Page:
The Lowell 50: WAS Labs In The Driver’s Seat


After a great team showing at Barry-Roubaix, WAS Labs is in position to stamp some authority at Lowell 50.

It’s perhaps the most underrated event in the state, but not for much longer. The Lowell 50 is a more intimate, menacing beast than it’s larger partner in spring, Barry-Roubaix. In Hastings, riders can cruise along in relative anonymity, safe in the knowledge that, once dropped, there are any number of riders behind to latch on with. At Lowell, with a much smaller field, every move and every rider shelled is almost personal. Get dropped, and it could be a long, long time riding alone in the wind before salvation comes in the form of the finish line or a hastily formed gruppetto.

WAS Labs will be trying to create a number of those intimate moments, and they have the man power to do it. They bring Tom Burke, Jason Young, Shawn Adams and Aaron Croishank to Lowell, a team not only capable of the win, but of putting plenty of riders in the top five. That should certainly be the goal, but they won’t have it all their own way. Dan McGraw and Jimmy McMurray of Freewheeler, along with Matt Acker, should be in the hunt as well. Tom Linck flies the flag for Leadout Racing, with more than a few other solid riders hoping to stay in touch early and play their odds in the finale.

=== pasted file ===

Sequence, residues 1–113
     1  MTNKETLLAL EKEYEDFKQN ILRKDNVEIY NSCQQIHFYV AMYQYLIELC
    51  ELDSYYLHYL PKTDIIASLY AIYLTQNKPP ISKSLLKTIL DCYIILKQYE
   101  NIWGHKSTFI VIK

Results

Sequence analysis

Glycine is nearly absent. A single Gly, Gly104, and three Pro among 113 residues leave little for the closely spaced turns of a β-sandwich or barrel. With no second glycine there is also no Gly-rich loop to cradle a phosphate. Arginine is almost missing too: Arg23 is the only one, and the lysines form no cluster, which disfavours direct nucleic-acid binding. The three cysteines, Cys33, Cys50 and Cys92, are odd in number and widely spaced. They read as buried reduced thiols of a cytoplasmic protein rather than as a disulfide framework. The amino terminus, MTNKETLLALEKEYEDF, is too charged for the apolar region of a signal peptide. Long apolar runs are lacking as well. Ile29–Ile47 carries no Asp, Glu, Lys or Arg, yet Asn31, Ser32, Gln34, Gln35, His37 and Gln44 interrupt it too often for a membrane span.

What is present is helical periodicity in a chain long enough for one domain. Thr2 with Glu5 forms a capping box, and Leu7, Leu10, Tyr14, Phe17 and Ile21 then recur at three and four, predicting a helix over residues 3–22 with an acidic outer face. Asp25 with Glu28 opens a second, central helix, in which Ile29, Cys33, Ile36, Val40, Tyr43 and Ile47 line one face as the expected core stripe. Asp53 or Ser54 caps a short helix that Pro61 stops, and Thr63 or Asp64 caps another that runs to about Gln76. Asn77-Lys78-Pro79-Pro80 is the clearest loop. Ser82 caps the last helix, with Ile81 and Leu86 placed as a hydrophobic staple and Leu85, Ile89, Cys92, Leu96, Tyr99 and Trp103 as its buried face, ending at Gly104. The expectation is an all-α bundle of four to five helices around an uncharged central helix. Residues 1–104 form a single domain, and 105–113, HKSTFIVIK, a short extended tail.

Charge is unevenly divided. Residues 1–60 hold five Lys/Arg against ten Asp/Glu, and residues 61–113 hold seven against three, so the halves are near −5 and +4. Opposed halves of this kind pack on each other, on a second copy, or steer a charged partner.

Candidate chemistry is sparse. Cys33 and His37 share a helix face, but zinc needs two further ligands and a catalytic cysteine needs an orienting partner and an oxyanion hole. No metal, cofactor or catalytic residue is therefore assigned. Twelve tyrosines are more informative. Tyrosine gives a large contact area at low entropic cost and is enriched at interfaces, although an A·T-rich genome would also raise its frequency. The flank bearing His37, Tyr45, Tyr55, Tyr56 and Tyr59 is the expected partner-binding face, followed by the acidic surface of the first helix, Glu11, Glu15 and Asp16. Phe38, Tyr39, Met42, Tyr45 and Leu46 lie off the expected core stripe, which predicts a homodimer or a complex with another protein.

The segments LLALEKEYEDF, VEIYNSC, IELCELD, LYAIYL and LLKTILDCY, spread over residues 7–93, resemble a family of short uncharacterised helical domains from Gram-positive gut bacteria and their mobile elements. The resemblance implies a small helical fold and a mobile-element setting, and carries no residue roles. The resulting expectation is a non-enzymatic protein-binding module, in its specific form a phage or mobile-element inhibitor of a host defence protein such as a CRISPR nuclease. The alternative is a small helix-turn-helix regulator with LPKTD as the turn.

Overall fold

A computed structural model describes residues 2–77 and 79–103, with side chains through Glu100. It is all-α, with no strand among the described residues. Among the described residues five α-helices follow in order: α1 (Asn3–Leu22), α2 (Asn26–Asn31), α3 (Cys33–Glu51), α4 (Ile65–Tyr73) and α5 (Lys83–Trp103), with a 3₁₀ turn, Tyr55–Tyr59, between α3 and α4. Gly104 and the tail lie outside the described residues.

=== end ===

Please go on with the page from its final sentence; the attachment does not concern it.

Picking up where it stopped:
On the women’s side, it’s a small field with Wendy Zamzow looking to be a solid favorite, although the University of Michigan travels the duo of Cat Culkin and Sarah Seeyle. Julie Whalen proved she is on her typical superb spring form at Barry-Roubaix, and shouldn’t be counted out Saturday. Einstein Racing’s Beth Collins is in for her second gravel start after a great ride in Hastings, as she looks to build for her main goal of the season, the Lumberjack 100. As always, never underestimate the imported talent: Deborah Haley will also start.

The race day conditions should be nearly ideal. Some warmer temperatures and sun throughout the week should be enough to clear the roads and, hopefully, dry them out some. Slightly colder race day temperatures, forecasted around 40 degrees after a day of freezing rain, should at least help to keep it firm overnight. The biggest challenge of the course, the wind, is already predicted to be strong. If it is as windy as expected, look for some long echelons and lonely riders in both the 34 and 57 mile events.

Registration is still open, so get in while the gettin’ in is still possible.



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